July 31, 2013

The Pitfalls of Spiritual Practice.

Our family moved to San Diego in 1983.

It was a big move both geographically and spiritually. I’d spent the previous decade cycling through a variety of jobs —from short order cook to illustrator/publisher of greeting cards. Mostly, I had been self-employed or, as we liked to say, self-un-employed.

I was ready for a change.

I wanted to work for a corporation.
I was fascinated by the emerging literature on leadership and spirituality, and wanted to become a leadership development consultant; to get a real job in Corporate America. Wow! I’d barely set foot inside a corporation before much less worked for one.

I identified myself as a creative, free spirit.
After all, I reasoned, look at my history: hippie, yogi, artist, making my way in the world through a variety of self-created ventures. It all added up to a sense of self that was identified with the pattern: I am a creative, free spirit.

And then I got hired by the largest employer in town.
In those days, the San Diego economy was dominated by a few large corporations that built stuff and provided services to the Navy & Marines. I was hired by General Dynamics, the biggest of the big players in the military-industrial economy of San Diego.

The move from the world of hippie-dom to the military-industrial complex was a shock to my system.
I found myself surrounded by people who were fixated on something I’d never thought about—retirement. They talked about how many years, months, weeks and days remained until they would retire. They talked about their savings plans, their nest eggs and the “number” which was their financial goal. They seemed to be totally focused on security and safety. I didn’t get it.

I couldn’t relate to their fixation on safety and security.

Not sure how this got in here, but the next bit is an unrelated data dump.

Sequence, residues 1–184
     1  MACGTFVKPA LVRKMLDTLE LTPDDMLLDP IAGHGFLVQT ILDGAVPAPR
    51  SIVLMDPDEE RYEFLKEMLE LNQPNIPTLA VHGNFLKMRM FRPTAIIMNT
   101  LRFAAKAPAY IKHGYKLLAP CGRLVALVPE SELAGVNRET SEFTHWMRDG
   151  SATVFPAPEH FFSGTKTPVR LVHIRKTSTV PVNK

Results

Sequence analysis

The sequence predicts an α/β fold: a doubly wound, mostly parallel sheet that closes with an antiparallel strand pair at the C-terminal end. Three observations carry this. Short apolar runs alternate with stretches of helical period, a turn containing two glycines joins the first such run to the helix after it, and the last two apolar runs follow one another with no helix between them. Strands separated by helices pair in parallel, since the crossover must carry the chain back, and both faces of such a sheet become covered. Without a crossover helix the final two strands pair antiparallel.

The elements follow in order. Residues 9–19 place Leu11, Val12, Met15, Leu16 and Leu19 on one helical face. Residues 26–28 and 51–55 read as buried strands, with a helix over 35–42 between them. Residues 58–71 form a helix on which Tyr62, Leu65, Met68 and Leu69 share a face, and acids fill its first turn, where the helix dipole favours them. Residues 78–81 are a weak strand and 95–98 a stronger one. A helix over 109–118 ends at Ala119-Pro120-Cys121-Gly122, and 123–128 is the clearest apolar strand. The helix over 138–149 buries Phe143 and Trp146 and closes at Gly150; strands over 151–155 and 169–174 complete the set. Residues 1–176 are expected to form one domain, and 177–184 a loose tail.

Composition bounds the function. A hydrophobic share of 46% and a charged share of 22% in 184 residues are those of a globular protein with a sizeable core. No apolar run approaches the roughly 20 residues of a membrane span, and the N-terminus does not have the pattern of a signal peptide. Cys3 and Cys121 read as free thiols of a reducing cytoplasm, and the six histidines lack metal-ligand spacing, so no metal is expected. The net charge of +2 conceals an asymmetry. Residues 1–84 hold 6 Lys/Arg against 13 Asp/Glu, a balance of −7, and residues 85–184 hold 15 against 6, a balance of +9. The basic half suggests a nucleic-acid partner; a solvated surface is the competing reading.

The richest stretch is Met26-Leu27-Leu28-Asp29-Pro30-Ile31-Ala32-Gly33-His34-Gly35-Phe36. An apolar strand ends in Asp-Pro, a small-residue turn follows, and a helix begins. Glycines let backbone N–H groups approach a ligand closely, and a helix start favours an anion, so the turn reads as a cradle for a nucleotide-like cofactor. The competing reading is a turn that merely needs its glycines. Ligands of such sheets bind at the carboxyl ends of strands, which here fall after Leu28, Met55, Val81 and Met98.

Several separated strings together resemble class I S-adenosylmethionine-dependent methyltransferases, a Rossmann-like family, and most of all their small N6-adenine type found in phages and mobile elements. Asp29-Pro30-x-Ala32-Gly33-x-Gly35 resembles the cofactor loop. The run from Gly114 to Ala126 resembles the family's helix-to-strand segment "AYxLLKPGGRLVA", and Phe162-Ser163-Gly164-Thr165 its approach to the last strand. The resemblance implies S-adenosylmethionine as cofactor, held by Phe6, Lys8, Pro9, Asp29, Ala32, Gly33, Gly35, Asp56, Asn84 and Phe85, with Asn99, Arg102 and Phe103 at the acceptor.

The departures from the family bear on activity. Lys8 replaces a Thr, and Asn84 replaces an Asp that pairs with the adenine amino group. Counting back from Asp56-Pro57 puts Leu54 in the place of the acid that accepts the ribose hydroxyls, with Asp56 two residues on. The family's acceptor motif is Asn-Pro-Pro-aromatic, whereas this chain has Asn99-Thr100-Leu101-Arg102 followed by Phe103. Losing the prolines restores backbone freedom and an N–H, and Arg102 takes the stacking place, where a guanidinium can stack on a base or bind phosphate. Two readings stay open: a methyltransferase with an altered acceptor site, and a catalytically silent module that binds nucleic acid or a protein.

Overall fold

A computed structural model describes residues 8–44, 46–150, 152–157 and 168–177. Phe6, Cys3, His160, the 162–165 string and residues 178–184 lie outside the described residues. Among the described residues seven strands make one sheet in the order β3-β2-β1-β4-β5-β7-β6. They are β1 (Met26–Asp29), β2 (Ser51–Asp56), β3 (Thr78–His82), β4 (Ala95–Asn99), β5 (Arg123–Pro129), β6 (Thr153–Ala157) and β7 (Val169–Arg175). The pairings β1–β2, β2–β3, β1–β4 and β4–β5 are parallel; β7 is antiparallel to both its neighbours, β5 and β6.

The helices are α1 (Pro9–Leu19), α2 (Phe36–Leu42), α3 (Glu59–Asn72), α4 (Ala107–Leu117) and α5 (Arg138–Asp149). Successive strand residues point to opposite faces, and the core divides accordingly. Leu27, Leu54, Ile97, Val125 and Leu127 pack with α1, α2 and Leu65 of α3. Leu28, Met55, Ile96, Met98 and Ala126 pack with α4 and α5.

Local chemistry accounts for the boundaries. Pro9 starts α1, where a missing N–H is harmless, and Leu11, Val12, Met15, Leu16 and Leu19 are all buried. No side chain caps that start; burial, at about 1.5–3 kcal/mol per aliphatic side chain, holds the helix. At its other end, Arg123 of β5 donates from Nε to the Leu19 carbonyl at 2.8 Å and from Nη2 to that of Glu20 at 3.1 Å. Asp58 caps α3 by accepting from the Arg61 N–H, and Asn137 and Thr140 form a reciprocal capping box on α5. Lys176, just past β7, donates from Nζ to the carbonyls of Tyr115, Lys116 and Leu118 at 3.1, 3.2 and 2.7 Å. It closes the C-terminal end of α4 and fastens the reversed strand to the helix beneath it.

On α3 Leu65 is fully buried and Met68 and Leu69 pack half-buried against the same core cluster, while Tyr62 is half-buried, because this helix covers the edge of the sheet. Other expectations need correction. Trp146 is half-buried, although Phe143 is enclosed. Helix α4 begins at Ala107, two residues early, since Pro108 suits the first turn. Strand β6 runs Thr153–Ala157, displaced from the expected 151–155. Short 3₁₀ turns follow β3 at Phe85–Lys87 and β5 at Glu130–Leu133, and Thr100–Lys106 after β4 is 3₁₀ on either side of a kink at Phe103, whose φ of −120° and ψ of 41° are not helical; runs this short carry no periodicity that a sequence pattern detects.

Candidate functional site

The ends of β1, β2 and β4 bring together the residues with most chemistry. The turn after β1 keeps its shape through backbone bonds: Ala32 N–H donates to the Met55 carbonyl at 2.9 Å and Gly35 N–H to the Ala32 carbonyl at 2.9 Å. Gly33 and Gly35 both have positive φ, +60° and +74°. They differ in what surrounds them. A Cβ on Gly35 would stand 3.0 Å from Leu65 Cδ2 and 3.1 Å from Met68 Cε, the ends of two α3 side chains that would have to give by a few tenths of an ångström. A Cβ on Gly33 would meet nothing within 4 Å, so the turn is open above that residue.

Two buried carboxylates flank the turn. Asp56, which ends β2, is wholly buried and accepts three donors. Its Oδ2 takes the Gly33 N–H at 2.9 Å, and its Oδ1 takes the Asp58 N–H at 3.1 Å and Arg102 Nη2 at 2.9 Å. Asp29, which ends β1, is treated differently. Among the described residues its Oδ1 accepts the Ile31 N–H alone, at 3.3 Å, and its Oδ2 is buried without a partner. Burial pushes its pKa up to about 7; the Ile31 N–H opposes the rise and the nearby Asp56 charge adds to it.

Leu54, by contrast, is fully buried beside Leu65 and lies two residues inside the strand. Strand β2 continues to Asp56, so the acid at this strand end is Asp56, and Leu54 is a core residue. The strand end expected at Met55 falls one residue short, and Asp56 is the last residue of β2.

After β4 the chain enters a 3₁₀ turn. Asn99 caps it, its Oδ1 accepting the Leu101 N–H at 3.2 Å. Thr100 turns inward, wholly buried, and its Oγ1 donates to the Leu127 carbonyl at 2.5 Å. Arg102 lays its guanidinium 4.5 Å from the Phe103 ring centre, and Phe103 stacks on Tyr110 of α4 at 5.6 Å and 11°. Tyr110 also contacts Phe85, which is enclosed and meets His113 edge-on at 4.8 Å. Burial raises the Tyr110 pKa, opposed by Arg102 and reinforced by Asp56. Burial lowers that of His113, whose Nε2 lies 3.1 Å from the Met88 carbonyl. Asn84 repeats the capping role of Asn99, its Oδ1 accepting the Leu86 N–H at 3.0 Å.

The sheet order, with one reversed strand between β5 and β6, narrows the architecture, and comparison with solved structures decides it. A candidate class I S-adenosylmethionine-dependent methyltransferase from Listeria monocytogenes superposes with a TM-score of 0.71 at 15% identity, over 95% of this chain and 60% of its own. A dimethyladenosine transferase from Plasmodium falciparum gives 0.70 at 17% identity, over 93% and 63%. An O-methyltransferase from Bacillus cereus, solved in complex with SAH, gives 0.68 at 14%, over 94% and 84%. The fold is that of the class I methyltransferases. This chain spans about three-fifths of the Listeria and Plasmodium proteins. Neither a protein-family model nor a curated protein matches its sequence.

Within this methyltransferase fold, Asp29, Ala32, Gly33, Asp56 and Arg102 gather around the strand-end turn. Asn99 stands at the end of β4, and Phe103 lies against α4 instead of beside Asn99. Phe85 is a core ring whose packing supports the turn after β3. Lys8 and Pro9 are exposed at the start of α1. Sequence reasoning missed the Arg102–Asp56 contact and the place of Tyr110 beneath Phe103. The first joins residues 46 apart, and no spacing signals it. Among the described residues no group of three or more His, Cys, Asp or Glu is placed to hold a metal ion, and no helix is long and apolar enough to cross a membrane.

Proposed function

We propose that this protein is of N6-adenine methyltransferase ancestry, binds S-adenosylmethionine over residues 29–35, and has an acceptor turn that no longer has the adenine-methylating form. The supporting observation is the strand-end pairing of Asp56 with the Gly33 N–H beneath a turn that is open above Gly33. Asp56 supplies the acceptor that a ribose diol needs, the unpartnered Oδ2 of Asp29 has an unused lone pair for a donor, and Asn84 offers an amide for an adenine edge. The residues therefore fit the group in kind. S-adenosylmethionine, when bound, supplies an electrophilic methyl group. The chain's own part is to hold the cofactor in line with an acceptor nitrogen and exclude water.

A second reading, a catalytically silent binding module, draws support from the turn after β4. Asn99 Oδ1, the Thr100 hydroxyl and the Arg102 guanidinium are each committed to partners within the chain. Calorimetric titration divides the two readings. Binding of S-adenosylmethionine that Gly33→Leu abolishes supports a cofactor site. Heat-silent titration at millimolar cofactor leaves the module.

I looked down on them for being so obsessed with their financial future that they were compromising their experience in the present. Their emphasis on safety and security, it seemed to me, locked them in a prison of conformity and stifled their aliveness.

What I couldn’t see was how I was fixated on both what I was identified with and what I was dis-identified from.
My conditioned self was composed of both what I identified with—the creative, free spirit—and what I was dis-identified from—the security seeking conformist.

My conditioned self, like all conditioned selves, included both what I believed myself to be and what I believed myself not-to-be.

To free consciousness from the pattern of conditioning requires two complementary practices.
One is the practice of releasing consciousness from the patterns of self-identification.

The other is the practice of welcoming and embracing the patterns of not-self into the resonance of the heart.

Releasing and transcending on the one hand. Welcoming and embracing on the other. Both are beautiful and either can be limiting.

How does practice become limiting?

Either practice can become a way of defending against that which you do not wish to face.
Over-emphasizing releasing/transcending can distance you from life and blind you to the unconscious patterns that you are dis-identified from—even as they shape your thoughts, speech, action.

Over-emphasizing welcoming/embracing can submerge you in a pattern of living, blind you to the limits of that pattern and how it shapes your thoughts, speech, action.

What about you? Which of these practices do you prefer?

Are you more comfortable releasing or embracing?

Are you attracted to practices and teachings that emphasize letting go, dis-identifying, and moving beyond?

What have you discovered about the strengths and limits of this approach?

Do you gravitate towards practices and teachings of embracing, including, and inviting in?

What have you discovered about the strengths and limits of this approach?

Share your wisdom in the comments below.

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Ed: Sara Crolick

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